The global alliance aimed at helping developing countries to fight climate change should receive at least 25% of the revenue of the EU Emissions Trading Scheme, according to the EP Development Committee. In a report adopted on Monday, MEPs also question the sustainability criteria of biofuels.The Global Climate Change Alliance proposed by the European Commission is intended to help the LDCs (Least Developed Countries) and SIDS (Small Island Developing States) to limit the impact of global warming.
In a report drafted by Anders Wijkman (EPP-ED, SE), the Development Committee argues that the budget of €60 million proposed by the Commission for 2008/2010 is not enough. MEPs believe the long-term funding goal should be at least €2 billion per year by 2010 and between €5 billion and €10 billion by 2020.
To finance this increase, MEPs urge the Commission and Member States to earmark at least 25 % of expected revenues from auctioning within the EU Emissions Trading Scheme (EU ETS) in the next trading period, to fund measures in developing countries. Forest protection and the reduction of emissions caused by deforestation and forest degradation should be a central concern of the Alliance.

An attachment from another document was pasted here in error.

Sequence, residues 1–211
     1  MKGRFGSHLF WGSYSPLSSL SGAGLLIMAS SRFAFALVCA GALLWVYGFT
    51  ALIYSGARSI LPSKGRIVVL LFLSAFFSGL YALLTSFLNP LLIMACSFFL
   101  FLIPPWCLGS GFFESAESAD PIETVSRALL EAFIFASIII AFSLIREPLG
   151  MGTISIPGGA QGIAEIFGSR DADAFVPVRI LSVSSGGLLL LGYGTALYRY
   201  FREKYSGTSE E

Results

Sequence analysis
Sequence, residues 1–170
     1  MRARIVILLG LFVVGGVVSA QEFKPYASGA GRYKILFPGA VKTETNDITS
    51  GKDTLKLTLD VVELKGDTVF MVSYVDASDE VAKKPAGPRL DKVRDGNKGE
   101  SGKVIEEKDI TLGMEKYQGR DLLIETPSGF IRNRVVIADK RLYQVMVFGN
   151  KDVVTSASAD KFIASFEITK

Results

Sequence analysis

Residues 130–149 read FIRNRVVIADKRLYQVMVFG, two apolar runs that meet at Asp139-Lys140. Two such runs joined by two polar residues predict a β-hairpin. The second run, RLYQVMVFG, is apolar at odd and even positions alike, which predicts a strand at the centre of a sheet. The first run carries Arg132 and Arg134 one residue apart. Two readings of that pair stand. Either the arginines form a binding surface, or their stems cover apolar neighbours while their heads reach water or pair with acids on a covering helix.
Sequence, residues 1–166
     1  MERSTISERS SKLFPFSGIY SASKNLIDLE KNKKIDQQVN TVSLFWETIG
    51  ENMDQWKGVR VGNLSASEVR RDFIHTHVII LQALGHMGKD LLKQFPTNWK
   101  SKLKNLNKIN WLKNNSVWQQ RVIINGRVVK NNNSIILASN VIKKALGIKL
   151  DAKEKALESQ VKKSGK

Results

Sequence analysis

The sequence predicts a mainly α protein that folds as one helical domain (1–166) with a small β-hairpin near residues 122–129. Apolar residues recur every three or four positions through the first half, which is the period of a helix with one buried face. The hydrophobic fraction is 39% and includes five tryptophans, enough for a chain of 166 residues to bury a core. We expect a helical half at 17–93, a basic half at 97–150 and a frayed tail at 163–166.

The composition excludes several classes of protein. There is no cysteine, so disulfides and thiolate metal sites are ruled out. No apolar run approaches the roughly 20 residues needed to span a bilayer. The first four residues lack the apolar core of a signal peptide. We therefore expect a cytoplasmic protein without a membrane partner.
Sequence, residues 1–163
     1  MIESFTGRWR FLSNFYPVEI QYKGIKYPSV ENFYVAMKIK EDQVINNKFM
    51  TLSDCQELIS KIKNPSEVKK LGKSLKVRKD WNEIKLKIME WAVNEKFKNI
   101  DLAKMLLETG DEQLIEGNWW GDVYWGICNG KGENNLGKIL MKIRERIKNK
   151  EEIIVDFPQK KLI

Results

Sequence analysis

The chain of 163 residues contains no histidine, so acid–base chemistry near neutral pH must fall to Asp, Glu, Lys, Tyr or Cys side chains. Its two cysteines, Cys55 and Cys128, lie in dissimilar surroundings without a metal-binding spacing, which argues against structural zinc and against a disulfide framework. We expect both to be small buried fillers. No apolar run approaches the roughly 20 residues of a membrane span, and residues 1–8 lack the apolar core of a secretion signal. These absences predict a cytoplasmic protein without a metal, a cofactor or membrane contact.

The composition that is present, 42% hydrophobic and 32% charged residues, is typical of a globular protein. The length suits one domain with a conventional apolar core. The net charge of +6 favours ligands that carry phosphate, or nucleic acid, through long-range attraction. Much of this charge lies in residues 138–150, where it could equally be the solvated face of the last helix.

The committee also calls for financial support, technical assistance and technology transfer measures, so as to facilitate the use, at the earliest stage possible, of technologies which emit low greenhouse gas levels and of environmentally friendly production methods.
Funding compatible with the goal of development
To ensure that development aid is not diverted to pay for the fight against climate change, MEPs insist that any money drawn from the Thematic Program For Environment and Sustainable Management of Natural Resources including Energy (ENRTP) or the European Development Fund (EDF) is used only for measures compatible with development aid as defined by the OECD's Development Assistance Committee (DAC).
Call to review biofuel sustainability criteria
The EP committee calls on the Commission to review its proposal with regard to the sustainability criteria for biofuels. Stricter requirements should be laid down for any claims of benefits to the climate and ecosystems, taking account of the effect of indirect changes and in soil use and any impact on the development of local communities.
New sources of funding
Lastly, the report says that new funding must be found from sources such as humanitarian funds for responding to climate-related disasters, Common Foreign and Security Policy (CFSP) funds and the Instrument for Stability in the context of preventive security policy or in response to climate-related security threats or conflicts. Green taxes and public-private partnerships would be another possibility.